I think the new translation of the Odyssey by Emily Wilson is superb. You are right that it is noteworthy that it is the first translation of the Odyssey into English by a woman, and Emily has very interesting things to say about how many previous translators let certain gender biases influence their choices—for example in the depiction of female slaves in Ithaca, and of Helen. But those corrections are only a small part of what makes this translation superior to all others I know. Emily’s translation is incredibly fast-paced, as fast-paced as the original, which is very rare, because it is so wonderfully unfussy; it’s very direct and hard-hitting. It eschews fancy-sounding language and is very modern without being colloquial. I don’t know whether I would go so far as to call it a “macho” translation, but I wouldn’t be shocked if someone described it that way. So I think you’ll get your battle scenes with more power, more direct impact, in this translation than in any other Odyssey.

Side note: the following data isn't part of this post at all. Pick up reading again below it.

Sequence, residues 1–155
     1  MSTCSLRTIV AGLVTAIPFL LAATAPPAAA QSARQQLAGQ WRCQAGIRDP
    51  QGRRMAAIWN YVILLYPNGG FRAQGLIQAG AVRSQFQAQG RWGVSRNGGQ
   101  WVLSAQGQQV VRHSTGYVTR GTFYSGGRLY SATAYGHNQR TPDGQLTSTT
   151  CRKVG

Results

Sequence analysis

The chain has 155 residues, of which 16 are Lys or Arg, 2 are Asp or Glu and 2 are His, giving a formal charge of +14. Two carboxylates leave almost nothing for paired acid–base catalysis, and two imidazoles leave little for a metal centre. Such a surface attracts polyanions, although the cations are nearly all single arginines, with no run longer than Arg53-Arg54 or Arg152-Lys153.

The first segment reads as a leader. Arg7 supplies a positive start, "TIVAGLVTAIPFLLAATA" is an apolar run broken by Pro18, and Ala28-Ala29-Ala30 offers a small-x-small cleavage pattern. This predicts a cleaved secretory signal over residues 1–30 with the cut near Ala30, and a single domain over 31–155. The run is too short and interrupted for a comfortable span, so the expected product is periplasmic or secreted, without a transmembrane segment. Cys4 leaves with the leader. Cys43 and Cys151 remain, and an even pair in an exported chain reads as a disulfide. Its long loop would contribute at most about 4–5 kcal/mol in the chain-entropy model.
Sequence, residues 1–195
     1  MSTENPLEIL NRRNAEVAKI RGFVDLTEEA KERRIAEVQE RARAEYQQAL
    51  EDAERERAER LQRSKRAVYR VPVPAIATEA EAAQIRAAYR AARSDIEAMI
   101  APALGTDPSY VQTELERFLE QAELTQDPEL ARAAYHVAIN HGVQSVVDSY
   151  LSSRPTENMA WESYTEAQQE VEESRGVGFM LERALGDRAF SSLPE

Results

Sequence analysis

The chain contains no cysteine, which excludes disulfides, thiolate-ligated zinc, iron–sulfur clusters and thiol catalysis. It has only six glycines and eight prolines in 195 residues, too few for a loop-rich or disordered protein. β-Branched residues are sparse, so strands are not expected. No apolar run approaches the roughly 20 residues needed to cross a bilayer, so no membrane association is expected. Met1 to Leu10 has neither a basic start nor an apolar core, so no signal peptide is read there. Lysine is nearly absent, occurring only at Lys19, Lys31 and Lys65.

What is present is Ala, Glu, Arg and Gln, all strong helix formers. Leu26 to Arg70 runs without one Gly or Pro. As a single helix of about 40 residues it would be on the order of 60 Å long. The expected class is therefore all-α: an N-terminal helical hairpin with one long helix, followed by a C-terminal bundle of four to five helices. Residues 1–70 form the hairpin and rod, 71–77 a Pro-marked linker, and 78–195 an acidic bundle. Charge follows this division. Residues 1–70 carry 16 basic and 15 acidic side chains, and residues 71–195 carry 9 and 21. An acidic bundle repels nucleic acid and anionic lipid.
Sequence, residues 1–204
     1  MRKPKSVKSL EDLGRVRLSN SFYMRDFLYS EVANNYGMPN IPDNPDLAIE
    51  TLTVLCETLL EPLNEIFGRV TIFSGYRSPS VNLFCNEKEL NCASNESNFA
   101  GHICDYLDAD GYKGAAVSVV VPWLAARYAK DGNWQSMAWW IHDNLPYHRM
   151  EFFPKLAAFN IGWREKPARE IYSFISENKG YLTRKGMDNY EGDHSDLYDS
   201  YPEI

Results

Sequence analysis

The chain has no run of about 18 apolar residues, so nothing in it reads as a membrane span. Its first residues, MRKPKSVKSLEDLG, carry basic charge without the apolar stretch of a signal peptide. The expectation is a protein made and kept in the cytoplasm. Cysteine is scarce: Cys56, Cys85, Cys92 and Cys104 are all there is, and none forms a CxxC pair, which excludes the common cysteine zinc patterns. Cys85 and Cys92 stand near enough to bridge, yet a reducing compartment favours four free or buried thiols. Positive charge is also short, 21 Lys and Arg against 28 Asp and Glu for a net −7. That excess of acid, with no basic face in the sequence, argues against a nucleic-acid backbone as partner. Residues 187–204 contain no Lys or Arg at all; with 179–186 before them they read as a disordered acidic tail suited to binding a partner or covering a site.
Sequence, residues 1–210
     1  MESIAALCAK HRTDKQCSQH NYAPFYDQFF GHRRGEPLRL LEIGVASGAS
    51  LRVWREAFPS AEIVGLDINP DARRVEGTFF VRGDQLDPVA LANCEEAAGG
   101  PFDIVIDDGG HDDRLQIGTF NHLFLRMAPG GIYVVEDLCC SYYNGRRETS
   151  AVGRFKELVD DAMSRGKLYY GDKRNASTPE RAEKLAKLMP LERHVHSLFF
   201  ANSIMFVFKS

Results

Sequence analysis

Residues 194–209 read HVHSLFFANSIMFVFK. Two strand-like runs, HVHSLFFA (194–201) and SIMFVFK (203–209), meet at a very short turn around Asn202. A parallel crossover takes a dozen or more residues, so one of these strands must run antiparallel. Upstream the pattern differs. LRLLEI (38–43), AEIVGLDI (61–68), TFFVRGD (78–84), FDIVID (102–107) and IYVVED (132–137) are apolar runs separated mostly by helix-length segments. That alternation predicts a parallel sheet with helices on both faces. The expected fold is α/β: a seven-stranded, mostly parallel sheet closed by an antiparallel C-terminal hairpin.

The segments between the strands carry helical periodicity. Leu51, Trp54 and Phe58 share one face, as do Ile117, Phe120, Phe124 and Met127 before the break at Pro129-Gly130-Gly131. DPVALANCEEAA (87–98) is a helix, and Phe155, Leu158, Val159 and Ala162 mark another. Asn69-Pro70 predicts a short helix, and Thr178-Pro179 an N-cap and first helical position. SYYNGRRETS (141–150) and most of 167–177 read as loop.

You’re not afraid to use the term “cult of personality” in regard to the great teachers of the classical world—Buddha, Confucius, Socrates, Jesus. Are you ever tempted to label them as “trolls?” We can identify a tendency of these teachers to sow discord and to antagonize the powerful and hypocritical, don’t you think?

You’re right that these teachers certainly disrupted prevailing ideas and values, often with forceful and cutting words. The difference with online trolls I see is that these teachers didn’t hide behind the anonymity of the internet and instead put their own bodies and lives on the line. Two of them, Socrates and Jesus, died violent deaths for it. And they did so willingly. Both Socrates and Jesus had the opportunity to flee, but they didn’t take it. I don’t see Internet trolls doing that. So perhaps the better term would be the one Socrates used for himself: gadfly. They were gadflies, all four of them. Perhaps we could convince some Internet trolls to take their inspiration from these teachers and become gadflies.